Sooner or later (and it’s looking like it will have to be sooner) every nation on earth must make a choice. Every single person, family, community, corporation or government either takes responsibility for the future of the planet or says that what matters is now, their life-style, their profit margin and their economic ‘growth’.
We know that lives are already being lost to greater frequency of extreme weather events, bush-fires, flooding and cyclones and that some countries are beginning to have their land-mass eroded due to the rise in ocean levels. There is global scientific consensus on both the facts and the causes. And at last in Paris, Heads of State have acknowledged that this is the biggest challenge facing the future.
But what does this mean for each of us? What can we do? How might our perceptions and expectations as well as our actions need to change?
Do you have a share portfolio that includes dirty energy? Why not switch to clean energy – even though in the short term in might not give you such a good return? In the end it will pay dividends in more ways than one.
What are others investing in your name? Check out your superannuation funds and your banks and put pressure on providers to divest from coal.
Avoid buying products from companies that are logging forests – these are the lungs of our planet. In Tikal in Guatemala there was once a thriving community of many tens of thousands. The magnificent buildings that prove they were once there are buried in the jungle. Centuries ago the people cut down all the trees and the resulting drought killed their livelihoods – and eventually their civilisation. It will happen again if we cut down the forests.
Make it clear that you will only vote for representatives who make policies with the long-term future in mind – someone who is thinking of your unborn grandchildren. It is our descendants who will inherit the world we are living in now. Tell them that coal was good for the economy!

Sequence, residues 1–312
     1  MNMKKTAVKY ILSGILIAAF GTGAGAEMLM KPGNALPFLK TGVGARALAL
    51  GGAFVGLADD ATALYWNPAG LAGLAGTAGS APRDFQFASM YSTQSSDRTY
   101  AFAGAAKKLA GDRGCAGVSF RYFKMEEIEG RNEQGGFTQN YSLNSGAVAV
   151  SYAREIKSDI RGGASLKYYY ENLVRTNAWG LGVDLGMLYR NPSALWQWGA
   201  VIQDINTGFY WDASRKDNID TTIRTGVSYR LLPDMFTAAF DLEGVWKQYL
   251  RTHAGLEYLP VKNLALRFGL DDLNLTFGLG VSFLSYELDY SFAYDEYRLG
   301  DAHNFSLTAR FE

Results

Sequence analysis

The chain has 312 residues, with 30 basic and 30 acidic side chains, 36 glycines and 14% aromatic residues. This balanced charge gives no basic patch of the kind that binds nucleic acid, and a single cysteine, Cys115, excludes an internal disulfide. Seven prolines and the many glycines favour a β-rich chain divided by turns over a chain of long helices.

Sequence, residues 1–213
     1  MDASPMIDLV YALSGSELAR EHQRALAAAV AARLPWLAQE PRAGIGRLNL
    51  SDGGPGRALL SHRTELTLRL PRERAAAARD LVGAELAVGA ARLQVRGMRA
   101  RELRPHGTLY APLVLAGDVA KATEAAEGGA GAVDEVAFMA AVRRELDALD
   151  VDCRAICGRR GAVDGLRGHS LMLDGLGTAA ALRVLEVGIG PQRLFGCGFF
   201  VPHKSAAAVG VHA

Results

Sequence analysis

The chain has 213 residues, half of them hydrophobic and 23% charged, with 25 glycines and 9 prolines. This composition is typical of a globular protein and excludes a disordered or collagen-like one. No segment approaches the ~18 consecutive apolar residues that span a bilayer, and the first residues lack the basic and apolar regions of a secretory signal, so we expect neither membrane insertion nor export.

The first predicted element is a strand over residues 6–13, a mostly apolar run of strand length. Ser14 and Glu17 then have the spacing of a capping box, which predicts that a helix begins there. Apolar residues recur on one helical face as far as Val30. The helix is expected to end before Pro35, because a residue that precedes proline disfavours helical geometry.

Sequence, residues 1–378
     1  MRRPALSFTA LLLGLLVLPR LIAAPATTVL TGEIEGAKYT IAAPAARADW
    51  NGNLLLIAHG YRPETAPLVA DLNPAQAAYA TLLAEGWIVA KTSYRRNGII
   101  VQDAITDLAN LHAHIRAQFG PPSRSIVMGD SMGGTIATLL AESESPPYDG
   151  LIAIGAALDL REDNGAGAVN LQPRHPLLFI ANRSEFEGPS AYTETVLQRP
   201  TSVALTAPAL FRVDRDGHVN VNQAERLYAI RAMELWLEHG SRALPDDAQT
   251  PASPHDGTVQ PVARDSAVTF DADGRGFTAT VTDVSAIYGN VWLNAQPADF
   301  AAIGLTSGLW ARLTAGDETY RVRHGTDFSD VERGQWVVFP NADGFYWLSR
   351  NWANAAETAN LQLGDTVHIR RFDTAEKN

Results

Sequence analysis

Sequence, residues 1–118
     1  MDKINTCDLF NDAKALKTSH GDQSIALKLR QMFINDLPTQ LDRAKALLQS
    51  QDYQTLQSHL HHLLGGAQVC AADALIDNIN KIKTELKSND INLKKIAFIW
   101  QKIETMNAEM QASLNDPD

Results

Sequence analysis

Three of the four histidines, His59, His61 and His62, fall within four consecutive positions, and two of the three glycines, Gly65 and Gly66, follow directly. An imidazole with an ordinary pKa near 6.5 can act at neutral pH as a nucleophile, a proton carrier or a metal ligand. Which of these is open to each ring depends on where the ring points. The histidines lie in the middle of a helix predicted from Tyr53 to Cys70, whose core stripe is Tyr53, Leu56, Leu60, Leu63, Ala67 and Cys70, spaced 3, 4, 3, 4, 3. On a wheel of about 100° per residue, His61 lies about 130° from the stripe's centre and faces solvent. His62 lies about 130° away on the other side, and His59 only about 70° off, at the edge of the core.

Newspapers that demean environmentalists are owned by those who want to maintain the status-quo for their own wealth, power and privilege. Check the facts.
If you have personal mobility, use public transport whenever possible and put pressure on governments to invest in infrastructure. People rarely go into Central London by car – public transport is quicker, easier and you don’t have to find somewhere to park!
Buy nice things of course, but why have more than you need? Share, recycle and give things away. When I was first married we had very little and made do. Being creative and having a sense of achievement was more fun than just going shopping – a richer experience from a place of comparative poverty.
And stay optimistic – we have windows of opportunity – there are countries and communities already going carbon-free and finding positive benefits. And lots of young start- up companies are seeking green solutions. It seems to be the grey suits who have nothing to lose but the assets they can’t take with them holding our world to ransom! Don’t let them.
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